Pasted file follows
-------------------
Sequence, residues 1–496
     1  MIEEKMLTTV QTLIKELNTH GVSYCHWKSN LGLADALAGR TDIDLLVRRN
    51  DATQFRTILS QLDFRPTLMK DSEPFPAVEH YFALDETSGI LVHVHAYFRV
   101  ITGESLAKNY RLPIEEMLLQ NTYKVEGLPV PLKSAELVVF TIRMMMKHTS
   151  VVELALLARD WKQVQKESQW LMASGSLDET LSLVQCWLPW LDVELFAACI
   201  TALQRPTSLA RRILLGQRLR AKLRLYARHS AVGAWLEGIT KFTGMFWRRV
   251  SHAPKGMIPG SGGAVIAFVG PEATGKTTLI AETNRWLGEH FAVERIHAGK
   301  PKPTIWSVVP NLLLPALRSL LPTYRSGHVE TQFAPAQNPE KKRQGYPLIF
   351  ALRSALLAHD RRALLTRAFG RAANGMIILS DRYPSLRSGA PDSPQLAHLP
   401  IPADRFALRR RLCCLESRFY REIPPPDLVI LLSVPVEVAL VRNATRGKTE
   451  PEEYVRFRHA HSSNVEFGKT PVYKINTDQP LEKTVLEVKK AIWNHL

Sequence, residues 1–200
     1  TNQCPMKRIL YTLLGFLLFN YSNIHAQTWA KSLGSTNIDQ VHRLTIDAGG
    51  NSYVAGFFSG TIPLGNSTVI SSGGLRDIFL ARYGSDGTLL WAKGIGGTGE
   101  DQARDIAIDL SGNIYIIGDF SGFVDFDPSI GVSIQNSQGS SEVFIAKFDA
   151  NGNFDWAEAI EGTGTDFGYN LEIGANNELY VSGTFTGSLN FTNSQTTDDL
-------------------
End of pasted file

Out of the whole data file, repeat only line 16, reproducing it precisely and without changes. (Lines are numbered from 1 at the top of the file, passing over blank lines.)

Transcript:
   151  NGNFDWAEAI EGTGTDFGYN LEIGANNELY VSGTFTGSLN FTNSQTTDDL